WHO/Europe has been collecting and sharing best practices in contact tracing from countries of the WHO European Region and documenting a variety of approaches to develop case studies and to contribute to future guidelines and recommendations.
Dr Richard Pebody, who leads the High-threat Pathogen team at WHO/Europe, commented: “…Contact tracing is an effective public health measure for combatting COVID-19, but experience has highlighted that it can be challenging for countries to establish a well functioning contact-tracing mechanism that can cope when there is widespread community transmission. We have commonly seen small teams of contact tracers having to deal with large numbers of COVID-19 cases and contacts.”
According to WHO, contact tracing has never been conducted at such a scale as during the COVID-19 pandemic. When systematically applied, contact tracing can help to break chains of transmission of infection and be a tool for keeping societies open.
But establishing comprehensive contact-tracing systems can be complex and resource-intensive.
One of the initial case studies was conducted by WHO in Kyrgyzstan and it involved interviews with key personnel undertaking contact tracing at national, regional and local levels, as well as with WHO focal points.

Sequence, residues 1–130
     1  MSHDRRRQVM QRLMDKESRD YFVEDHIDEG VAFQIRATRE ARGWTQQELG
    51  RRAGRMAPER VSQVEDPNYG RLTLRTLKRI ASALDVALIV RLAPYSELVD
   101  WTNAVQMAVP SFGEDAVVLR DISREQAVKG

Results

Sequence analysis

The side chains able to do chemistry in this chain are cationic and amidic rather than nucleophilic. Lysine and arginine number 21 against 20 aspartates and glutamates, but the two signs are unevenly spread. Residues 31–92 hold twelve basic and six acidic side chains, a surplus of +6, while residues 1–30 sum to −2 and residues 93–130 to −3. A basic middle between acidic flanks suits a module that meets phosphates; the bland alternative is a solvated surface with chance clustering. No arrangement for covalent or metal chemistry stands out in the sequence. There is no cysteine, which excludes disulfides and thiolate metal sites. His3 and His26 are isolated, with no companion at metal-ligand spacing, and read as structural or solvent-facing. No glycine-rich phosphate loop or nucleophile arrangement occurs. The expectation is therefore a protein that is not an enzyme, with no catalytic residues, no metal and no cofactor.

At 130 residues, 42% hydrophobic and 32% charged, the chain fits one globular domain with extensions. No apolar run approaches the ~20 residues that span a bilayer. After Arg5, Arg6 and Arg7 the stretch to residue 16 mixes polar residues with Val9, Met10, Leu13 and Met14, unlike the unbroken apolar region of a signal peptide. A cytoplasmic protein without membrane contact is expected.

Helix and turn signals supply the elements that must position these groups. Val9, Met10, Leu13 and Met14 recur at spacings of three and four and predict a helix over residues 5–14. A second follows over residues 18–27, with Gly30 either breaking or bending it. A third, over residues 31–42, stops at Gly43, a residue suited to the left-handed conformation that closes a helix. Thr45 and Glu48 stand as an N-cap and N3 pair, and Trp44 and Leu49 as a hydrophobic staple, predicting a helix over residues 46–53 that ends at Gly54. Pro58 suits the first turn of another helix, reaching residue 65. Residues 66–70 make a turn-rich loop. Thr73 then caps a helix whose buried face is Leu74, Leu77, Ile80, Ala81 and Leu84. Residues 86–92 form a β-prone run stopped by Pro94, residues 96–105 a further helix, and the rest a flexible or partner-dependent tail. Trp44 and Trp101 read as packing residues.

In Kyrgyzstan, contact tracing has been one of the key strategies employed by national health authorities to interrupt chains of transmission and reduce morbidity and mortality, as recommended by WHO.
Their contact-tracing infrastructure for COVID-19 was built on existing public health experience and expertise, although as case numbers rose rapidly, there was a need to train additional personnel to expand the contact-tracing workforce and scale up operations.
Additional case studies on contact tracing are planned with other countries, – reports WHO/Europe.
Picture: Kabar, Kyrgyzstan at https://kabar.kg/news/v-kyrgyzstane-povsemestno-razvernuty-call-center-po-protivodeistviiu-rasprostraneniia-covid-19/